The Beatles

I Am the Walrus

The Beatles
The Beatles. You may have heard of them. So....I'm not even going to bother talking about their music or their importance in music history; but what about a connection to Joyce?

"I Am the Walrus" from Magical Mystery Tour

Call it an "urban legend" of the literary community; or perhaps just a bit of musical apocrypha, but there has been a persistent belief that John Lennon was influenced by Finnegans Wake when he penned the lyrics for "I Am the Walrus," one of the Beatles' more linguistically surreal tunes. The evidence is scanty -- it is known that Lennon was aware of Joyce, and had professed to having read a bit of the Wake after someone had remarked that his own writing was "Joycean." It is also known that Lennon was influenced by literature in general, particularly by Lewis Carroll. But the only "hard evidence" is the "goo goo g'joob" phrase from "Walrus," which is often -- and most likely mistakenly -- connected to a line from the Wake (FW 557.7: "goo goo goosth"). Is that enough to establish a real connection? Was Lennon influenced by Joyce when he wrote "I Am the Walrus"?
Well, personally I find it very doubtful; but for the sake of completion I will provide some speculation recently made on the Finnegans Wake List. If anyone has anything else to add, just email me. But first, the lyrics.

Lyrics

"I Am the Walrus"

I am he as you are he as you are me and we are all together.
See how they run like pigs from a gun, see how they fly.
I'm crying.

Sitting on a cornflake, waiting for the van to come.
Corporation tee-shirt, stupid bloody Tuesday.
Man, you been a naughty boy, you let your face grow long.
I am the eggman, they are the eggmen.
I am the walrus, goo goo g'joob.

Mister City Policeman sitting
Pretty little policemen in a row.
See how they fly like Lucy in the Sky, see how they run.
I'm crying, I'm crying.
I'm crying, I'm crying.

Yellow matter custard, dripping from a dead dog's eye.
Crabalocker fishwife, pornographic priestess,
Boy, you been a naughty girl you let your knickers down.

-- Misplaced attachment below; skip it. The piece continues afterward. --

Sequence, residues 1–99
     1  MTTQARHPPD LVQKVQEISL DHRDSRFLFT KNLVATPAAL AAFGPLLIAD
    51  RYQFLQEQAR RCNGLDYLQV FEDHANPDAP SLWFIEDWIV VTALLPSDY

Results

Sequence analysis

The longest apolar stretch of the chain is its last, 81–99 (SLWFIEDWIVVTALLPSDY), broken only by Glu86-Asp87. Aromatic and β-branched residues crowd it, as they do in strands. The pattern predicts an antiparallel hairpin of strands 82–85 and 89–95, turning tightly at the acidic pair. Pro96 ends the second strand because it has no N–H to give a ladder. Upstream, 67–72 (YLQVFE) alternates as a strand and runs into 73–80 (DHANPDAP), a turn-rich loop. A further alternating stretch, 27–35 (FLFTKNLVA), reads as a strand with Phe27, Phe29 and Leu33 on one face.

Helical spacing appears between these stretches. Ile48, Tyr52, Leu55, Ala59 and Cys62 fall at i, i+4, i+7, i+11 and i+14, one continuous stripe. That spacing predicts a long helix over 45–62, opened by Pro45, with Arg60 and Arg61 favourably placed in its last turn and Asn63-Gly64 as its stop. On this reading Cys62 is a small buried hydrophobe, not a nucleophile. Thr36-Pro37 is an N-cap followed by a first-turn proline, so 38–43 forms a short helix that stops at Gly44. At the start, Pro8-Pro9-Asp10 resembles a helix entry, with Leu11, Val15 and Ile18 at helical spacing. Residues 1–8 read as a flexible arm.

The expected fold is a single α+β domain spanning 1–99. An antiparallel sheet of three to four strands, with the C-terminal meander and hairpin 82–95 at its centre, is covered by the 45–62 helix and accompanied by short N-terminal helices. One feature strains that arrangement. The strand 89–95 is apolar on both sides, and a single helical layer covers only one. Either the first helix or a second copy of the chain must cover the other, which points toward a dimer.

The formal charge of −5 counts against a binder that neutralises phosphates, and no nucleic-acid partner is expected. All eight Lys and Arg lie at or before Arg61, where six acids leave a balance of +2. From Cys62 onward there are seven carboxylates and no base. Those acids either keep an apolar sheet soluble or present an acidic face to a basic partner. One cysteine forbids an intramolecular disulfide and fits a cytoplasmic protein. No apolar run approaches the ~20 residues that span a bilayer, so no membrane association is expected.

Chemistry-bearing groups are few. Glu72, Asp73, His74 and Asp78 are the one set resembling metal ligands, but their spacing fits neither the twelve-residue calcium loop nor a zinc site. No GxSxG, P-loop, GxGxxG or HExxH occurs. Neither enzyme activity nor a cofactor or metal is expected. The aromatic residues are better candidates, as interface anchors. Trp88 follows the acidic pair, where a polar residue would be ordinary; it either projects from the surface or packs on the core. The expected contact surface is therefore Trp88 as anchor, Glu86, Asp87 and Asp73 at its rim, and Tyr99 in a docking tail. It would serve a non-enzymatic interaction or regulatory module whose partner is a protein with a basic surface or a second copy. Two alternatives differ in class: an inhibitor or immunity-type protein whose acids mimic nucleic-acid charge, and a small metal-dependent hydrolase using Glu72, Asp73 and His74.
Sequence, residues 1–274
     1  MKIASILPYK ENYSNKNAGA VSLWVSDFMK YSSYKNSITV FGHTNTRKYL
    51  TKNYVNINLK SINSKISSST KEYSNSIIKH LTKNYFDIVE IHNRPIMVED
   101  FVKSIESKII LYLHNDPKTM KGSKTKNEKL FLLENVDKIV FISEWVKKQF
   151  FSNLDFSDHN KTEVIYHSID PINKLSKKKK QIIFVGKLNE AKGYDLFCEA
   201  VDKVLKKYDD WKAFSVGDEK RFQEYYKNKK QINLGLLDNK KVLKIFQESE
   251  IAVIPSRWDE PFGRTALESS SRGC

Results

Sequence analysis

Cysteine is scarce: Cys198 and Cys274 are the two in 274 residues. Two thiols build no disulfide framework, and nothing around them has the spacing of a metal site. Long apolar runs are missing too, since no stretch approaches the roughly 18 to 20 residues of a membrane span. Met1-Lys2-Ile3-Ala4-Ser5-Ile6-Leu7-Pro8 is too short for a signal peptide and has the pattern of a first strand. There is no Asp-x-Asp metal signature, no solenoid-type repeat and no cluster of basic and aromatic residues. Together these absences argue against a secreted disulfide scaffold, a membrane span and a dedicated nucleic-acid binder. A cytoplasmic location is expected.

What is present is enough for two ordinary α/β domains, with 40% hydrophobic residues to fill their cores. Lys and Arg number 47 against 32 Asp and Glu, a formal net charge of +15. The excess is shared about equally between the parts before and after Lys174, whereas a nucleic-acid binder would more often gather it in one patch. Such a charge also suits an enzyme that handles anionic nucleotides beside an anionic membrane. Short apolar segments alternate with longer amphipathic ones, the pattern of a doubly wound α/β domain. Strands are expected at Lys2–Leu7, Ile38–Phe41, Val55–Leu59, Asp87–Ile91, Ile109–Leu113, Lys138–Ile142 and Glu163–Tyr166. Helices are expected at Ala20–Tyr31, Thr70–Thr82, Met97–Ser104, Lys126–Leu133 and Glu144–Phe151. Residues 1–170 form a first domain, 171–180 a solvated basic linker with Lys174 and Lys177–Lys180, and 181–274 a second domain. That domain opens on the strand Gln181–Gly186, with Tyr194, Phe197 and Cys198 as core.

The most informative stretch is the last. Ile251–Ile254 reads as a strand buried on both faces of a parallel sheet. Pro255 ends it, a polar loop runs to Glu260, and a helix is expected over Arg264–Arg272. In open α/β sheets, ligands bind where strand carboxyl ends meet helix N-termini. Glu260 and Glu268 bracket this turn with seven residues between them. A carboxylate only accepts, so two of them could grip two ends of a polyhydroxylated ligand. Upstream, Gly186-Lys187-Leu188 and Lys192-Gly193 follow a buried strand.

I am the eggman, they are the eggmen.
I am the walrus, goo goo g'joob.

Sitting in an English garden waiting for the sun.
If the sun don't come, you get a tan
From standing in the English rain.
I am the eggman, they are the eggmen.
I am the walrus, goo goo g'joob g'goo goo g'joob.

Expert textpert choking smokers,
Don't you thing the joker laughs at you?
See how they smile like pigs in a sty,
See how they snied.
I'm crying.

Semolina pilchard, climbing up the Eiffel Tower.
Elementary penguin singing Hari Krishna.
Man, you should have seen them kicking Edgar Alan Poe.
I am the eggman, they are the eggmen.
I am the walrus, goo goo g'joob g'goo goo g'joob.
Goo goo g'joob g'goo goo g'joob g'goo.

Notes

The passage most often quoted by proponents of the Lennon/Joyce connection theory comes from a line in FW 557.7:

FW 557.1-12
cramp for Hemself and Co, Esquara, or them four hoarsemen on
their apolkaloops, Norreys, Soothbys, Yates and Welks, and,
galorybit of the sanes in hevel, there was a crick up the stirkiss
and when she ruz the cankle to see, galohery, downand she went
on her knees to blessersef that were knogging together like milk-
juggles as if it was the wrake of the hapspurus or old Kong
Gander O'Toole of the Mountains or his googoo goosth she
seein, sliving off over the sawdust lobby out ofthe backroom, wan
ter, that was everywans in turruns, in his honeymoon trim, holding